Like the other senses, hearing remains a meaning making activity. Essential to interpret what is happening out there and how it might conceivably impact us. Hearing remains essential to survive. We thus become adept and skilled in hearing and do it all the time. Hearing though is not listening.

So what is listening? It is an art and may not come easily to most of us. It is really about when we listen, we do so without interpretation, without judging it against what we know, what we believe, what we assume. If this leaves you wondering whether you have ever listened at all to anything, welcome to the gang! For this remains true for all of us.

listening image

So what is it that stops us from listening? As I dwell with this question, I come to a surprising realisation. Which is that I do not want to listen since I find it dangerous. I remain afraid that listening might force me to let go of my beliefs and biases, shatter some of the perspectives I hold dear, that I am accustomed to. So how do we remove this fear and apprehension that our listening might endanger our beliefs, shatter our long-held perspectives?

Well, we can make a start by practicing to ‘listen authentically’. We do this by being alert to any inauthenticity that we find creeping in. For example, while listening I might notice a need for me to look good or needing to be liked. Or an evaluation or judgment swirling in my mind about what the other person is saying. Noticing this in itself brings up that self awareness that I have listened inauthentically. It then allows me the opportunity and access to train myself to listen without that inauthenticity.

You might wonder, ‘But is it not critical for us to bring judgment and perceptions from past situations to be able to make meaning of what is being said? Why should we dispense all that just to listen authentically? And what is the advantage we would gain by doing that?’

So we get back to understanding the nuts and bolts of ‘listening authentically’. What we saw above was what we need to do at our (listener) end in terms of being non-judgmental and being alert to our inauthenticities creeping in. Now let us understand how ‘listening authentically’ manifests for the guy who is speaking. Well what it does is let the speaker say everything he has to say until he has nothing else to say about what he was saying.

And this is when the magic happens!

The speaker has the experience that he has actually been gotten. He and we may not realise it but our ‘listening’ has supported him to table all his concerns, his fears and allowed him to put all that behind him. The concerns, the fears from the past that had put him “on the rails” towards a future which was cluttered with and an extension of his own past. With the past clutter gone, a blank space has been created. A space waiting for a new future to be born. A future that was not going to happen otherwise.

The listener at the other end, shorn that he has chosen to be, of all judgments and interpretations, also finds himself no longer “on the rails” and no longer being held hostage by his own beliefs, biases, prejudices and taken-for-granted assumptions. Old resistances and blocks go and he too becomes part of the blank space. A space now open for new possibilities, new conversation and a new future.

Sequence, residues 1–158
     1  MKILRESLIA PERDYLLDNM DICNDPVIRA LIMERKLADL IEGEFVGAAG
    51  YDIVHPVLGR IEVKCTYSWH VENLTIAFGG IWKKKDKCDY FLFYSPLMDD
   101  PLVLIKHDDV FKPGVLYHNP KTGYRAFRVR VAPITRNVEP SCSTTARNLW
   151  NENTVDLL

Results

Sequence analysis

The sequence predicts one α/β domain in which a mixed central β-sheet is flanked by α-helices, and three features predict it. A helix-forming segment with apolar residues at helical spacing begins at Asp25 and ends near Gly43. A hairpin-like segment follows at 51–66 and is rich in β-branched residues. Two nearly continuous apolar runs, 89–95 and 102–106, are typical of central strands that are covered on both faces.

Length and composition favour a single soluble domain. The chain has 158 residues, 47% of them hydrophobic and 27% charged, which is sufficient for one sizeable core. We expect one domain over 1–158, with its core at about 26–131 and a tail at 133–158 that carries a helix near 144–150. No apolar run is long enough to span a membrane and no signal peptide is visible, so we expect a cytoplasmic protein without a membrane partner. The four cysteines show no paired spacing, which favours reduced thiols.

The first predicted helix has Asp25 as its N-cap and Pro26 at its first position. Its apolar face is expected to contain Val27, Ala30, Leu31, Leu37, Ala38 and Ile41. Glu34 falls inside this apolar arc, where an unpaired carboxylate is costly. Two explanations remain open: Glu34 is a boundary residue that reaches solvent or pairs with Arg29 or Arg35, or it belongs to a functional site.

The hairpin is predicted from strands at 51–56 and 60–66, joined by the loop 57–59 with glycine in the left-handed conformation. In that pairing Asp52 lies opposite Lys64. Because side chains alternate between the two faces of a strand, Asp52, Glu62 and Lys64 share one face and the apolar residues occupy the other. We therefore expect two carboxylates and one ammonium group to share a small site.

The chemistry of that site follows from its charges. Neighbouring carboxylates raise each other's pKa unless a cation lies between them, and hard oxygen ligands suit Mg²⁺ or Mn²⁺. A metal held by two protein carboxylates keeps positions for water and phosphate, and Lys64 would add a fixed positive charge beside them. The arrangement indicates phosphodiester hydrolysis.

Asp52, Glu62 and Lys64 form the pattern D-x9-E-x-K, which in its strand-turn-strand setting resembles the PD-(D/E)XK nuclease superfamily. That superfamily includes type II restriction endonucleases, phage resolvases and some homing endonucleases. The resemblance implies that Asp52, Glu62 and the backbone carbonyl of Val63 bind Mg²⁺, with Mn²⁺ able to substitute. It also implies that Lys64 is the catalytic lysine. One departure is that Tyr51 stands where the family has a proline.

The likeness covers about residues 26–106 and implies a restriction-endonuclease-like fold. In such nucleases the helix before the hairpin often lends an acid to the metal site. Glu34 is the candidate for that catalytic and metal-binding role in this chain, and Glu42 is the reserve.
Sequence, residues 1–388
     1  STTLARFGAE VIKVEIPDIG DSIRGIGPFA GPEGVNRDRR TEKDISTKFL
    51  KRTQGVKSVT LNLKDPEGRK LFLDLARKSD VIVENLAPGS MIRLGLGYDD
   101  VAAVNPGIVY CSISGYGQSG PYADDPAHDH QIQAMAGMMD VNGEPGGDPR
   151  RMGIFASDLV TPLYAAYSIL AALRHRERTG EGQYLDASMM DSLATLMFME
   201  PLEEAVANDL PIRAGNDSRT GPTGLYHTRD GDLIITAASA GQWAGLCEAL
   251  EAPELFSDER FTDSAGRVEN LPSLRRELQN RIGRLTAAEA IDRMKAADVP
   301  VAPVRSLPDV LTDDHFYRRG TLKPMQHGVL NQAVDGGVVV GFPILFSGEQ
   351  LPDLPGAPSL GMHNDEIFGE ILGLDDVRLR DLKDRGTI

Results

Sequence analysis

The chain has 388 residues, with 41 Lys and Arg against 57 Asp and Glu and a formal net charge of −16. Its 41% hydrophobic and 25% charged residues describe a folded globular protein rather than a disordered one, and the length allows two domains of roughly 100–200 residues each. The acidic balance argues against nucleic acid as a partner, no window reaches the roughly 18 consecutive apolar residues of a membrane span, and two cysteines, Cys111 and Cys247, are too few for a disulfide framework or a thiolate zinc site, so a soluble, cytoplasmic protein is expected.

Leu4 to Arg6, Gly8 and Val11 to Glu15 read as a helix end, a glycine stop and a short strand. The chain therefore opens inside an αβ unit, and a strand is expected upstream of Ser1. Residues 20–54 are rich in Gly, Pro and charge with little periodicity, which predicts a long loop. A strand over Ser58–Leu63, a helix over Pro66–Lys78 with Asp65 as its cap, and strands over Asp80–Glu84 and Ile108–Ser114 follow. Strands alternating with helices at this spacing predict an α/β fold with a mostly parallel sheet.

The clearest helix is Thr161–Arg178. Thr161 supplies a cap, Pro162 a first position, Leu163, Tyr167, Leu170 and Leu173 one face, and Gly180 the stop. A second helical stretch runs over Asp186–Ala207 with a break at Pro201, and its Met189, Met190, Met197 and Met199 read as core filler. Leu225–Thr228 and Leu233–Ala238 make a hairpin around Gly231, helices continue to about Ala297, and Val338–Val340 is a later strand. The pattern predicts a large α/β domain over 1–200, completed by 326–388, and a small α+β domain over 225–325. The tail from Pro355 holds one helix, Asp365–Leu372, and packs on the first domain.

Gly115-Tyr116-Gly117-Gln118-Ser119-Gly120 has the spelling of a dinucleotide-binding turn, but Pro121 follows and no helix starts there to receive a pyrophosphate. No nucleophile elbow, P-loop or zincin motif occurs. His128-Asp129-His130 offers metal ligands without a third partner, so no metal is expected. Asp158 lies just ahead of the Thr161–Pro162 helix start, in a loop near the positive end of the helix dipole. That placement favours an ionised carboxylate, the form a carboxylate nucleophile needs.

Dear Reader, do you see how simply listening authentically transports both the speaker and the listener into a new space? A space which holds the key to releasing both sides from the bondages of the past? A space which allows both sides to write a new future? A future created which was not going to happen anyway?

Created future

Dear Reader, are you willing to make that commitment to listening to have the magic happen for you?

***
Ester asked why people are sad.

“That’s simple,” says the old man. “They are the prisoners of their personal history. Everyone believes that the main aim in life is to follow a plan. They never ask if that plan is theirs or if it was created by another person. They accumulate experiences, memories, things, other people’s ideas, and it is more than they can possibly cope with. And that is why they forget their dreams.”
-Paulo Coelho in ‘The Zahir’, 2006

In learning……. Shakti Ghosal

Mind Shift


“Whatever we are waiting for – peace of mind, contentment, grace, the inner awareness of simple abundance – it will surely come to us, but only when we are ready to receive it with an open and grateful heart.” ~Sarah Ban Breathnach, American author.

Everest

The morning of Saturday, 25th April dawned at the base camp of the Mount Everest expedition like any other. Just before noon, Sherpa Bahadur was attempting to establish contact with the expedition team up on the slope when he was non-plussed to see the snow covered ground shift and rise like a living apparition. The last thing he remembered was an ear-splitting sound and being swept away by the shifting ground under his feet.

nepal-earthquake-avalanche-ap855095418230
For days and weeks earlier, unknown to the Sherpa and his expedition mates, two pieces of the cracked Earth’s crust below, had been moving and pressing against each other, like they have been wont to do periodically for millions of years. The heat and the churning currents of the molten rocks underneath was leading to the crust crumbling and buckling with intense pressure points being created. Something had to give. And that is what happened on that fateful Saturday. As the pressure propelled the molten rocks below the crust to shift and move like a jumble of conveyor belts in disrepair, it manifested as a powerful earthquake of 7.9 magnitude on the Richter scale all over the Himalayan regions of Nepal and North India.